ISO 9001 promotes a process approach “to enhance customer satisfaction by meeting customer requirements.” While Baldrige asks questions about customer satisfaction and dissatisfaction, it is focused on customer engagement for the long term, to build a relationship with the customer, exceed customers’ expectations, and increase their engagement with your organization over time (category 3).

Clause 4 of ISO 9001 and the Organizational Profile of the Baldrige Criteria both look at organizational context. Baldrige specifically asks about the organization’s mission, vision, and values, as well as the organization’s core competencies (not just those required of individual staff members). These concepts are strategic and form the basis, together with articulated strategic advantages and strategic challenges, for overall organizational strategic planning. Baldrige also asks about changes affecting your competitive position and how these changes might create opportunities for innovation and collaboration.

Clause 5.1 of ISO 9001 is about organizational leadership. The Baldrige Criteria item 1.1, Senior Leadership, adds the senior leaders’ role in setting and deploying the organization’s vision and values throughout the organization and to key stakeholders. These values are critical guides for norms of behavior and setting organizational culture. Senior leaders are also questioned about their roles in organizational and employee personal learning and leadership succession planning, including development of future organizational leaders. Thus, in the Baldrige Criteria, senior leaders are responsible not only for guiding the organization today, but for creating the environment for success in the future.

Clause 6 of ISO 9001 addresses Quality Objectives and Planning to Achieve Them. The Baldrige Criteria category 2, Strategy, addresses strategy broadly. Quality planning can be delegated to a quality function in the organization. Strategic planning starts with the senior leadership and cascades throughout the organization, including the quality planning function. Category 2 asks about the specifics of the strategy development process, your key strategic objectives, how your strategy development process stimulates innovation, and also about your work systems and core competencies. Work systems are a key strategic concept.

In determining your work systems and related core competencies, the organization is deciding what will be accomplished with your workforce, using competencies core to the organization’s success; and what will be accomplished through suppliers, partners, and collaborators. This decision involves important considerations related to protecting intellectual property and brand, as well as the actual footprint of your operations. The Baldrige Criteria also ask about your translation of strategic objectives into action plans and workforce plans and measures to track progress on action plans. Additionally, Baldrige asks about your process for being agile, should conditions warrant a rapid change in plans.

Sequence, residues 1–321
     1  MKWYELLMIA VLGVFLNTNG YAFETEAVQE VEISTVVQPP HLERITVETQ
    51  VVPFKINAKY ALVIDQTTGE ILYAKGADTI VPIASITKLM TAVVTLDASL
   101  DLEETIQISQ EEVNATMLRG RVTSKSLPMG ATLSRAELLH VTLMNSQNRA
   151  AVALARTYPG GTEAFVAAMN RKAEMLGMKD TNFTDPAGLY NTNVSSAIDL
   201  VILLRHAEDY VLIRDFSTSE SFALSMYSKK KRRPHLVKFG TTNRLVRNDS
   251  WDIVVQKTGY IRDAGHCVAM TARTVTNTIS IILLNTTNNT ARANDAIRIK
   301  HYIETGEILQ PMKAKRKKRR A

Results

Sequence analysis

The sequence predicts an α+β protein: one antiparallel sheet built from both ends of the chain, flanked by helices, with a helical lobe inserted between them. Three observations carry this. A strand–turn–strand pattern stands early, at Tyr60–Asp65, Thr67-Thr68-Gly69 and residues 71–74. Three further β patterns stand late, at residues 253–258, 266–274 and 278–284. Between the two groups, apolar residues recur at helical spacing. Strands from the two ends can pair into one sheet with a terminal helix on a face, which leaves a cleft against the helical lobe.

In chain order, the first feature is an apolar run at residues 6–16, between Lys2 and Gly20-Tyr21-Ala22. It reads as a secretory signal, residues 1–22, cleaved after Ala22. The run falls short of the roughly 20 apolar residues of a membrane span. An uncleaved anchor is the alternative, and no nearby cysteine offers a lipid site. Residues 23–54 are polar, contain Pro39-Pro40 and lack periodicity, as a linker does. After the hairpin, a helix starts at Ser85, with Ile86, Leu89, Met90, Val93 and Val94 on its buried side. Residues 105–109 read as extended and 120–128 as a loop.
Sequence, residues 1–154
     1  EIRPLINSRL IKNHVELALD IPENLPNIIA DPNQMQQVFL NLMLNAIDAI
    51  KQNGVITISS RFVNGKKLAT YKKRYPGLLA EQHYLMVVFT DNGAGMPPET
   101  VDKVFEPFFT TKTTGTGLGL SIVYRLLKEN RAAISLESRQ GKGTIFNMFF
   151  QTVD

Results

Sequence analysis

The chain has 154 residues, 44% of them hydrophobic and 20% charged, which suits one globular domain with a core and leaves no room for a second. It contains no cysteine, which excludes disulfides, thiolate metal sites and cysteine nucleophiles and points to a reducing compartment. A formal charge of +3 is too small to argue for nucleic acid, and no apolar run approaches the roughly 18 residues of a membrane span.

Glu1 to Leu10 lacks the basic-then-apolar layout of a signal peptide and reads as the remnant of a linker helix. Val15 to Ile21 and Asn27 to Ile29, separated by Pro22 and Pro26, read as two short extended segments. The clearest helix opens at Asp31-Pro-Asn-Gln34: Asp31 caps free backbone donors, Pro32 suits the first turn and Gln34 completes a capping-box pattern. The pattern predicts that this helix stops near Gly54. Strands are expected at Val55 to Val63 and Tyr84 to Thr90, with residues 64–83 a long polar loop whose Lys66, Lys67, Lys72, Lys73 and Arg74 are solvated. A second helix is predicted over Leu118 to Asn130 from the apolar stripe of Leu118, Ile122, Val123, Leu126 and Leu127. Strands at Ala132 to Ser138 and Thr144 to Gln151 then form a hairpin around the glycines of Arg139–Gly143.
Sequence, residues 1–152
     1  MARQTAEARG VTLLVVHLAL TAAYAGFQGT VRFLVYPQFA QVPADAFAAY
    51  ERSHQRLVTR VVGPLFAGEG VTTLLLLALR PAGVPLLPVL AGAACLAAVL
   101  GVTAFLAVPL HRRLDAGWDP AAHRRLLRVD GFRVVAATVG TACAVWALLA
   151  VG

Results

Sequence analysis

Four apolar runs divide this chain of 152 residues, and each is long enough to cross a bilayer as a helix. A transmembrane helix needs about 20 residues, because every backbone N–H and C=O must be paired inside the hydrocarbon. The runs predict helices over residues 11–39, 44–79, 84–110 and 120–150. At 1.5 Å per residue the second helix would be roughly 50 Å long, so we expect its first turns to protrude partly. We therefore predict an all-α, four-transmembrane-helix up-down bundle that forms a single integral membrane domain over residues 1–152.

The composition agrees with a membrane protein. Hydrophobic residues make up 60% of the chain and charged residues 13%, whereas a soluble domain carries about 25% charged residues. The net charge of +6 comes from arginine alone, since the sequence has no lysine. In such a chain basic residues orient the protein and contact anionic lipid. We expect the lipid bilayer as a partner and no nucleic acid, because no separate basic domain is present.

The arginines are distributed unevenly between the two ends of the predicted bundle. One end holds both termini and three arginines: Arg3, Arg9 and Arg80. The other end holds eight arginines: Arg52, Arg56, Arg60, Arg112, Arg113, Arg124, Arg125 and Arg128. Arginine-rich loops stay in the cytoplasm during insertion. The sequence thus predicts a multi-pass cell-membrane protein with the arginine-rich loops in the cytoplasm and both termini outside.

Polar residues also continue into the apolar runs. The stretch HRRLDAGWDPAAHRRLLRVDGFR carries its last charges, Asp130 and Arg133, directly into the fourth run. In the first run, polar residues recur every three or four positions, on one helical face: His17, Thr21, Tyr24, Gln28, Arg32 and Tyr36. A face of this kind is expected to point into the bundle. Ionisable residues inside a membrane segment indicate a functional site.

A Focus on the WORKFORCE
As Clause 7.1 of ISO 9001 indicates there are numerous aspects to resources. People aspects are treated in 7.1.2 and 7.1.4. People and Environment for the Operation of Processes, respectively. Category 5 in the Baldrige Criteria, Workforce, views people as both a valuable resource and as the internal customers of the organization, recognizing that an engaged workforce leads to a more successful organization. Given this understanding, Baldrige asks about drivers of workforce engagement and how your organization supports its workforce through benefits, compensation, reward, and recognition. Baldrige also asks about how you accomplish workforce development, learning, and career progression, as well as how you ensure workplace health, safety, and accessibility.

Clause 7.1.6 of ISO 9001 is about capturing organizational knowledge for the purpose of “operation of its processes and to achieve conformity of products and services.” Within category 4, the Baldrige Criteria item 4.2 is Information and Knowledge Management. It additionally asks about blending and correlating data from different sources to build new knowledge. It asks about mining and sharing best practices throughout the organization, and it asks how you embed learning in the way your organization operates.

Clause 8.2.1 of ISO 9001 is Customer Communication. Within the Baldrige Criteria category 3, 3.1a, Customer Listening, asks how your organization listens to potential customers to obtain actionable information. Also within category 3, Baldrige asks at 3.2b, Determination of Customer Satisfaction and Engagement, how you determine your customers’ satisfaction with your organization relative to competitors and other organizations.

Clause 9 of ISO 9001 is Performance Evaluation, covering all aspects of the quality management system. Within category 4, item 4.1 in the Baldrige Criteria is Measurement, Analysis, and Improvement of Organizational Performance. The Baldrige focus is on all aspects of organizational performance, including the quality system. Baldrige also asks how you use comparative data to support decision making. It asks how you assess organizational success, competitive performance, financial health, and progress on achieving your strategic objectives and action plans.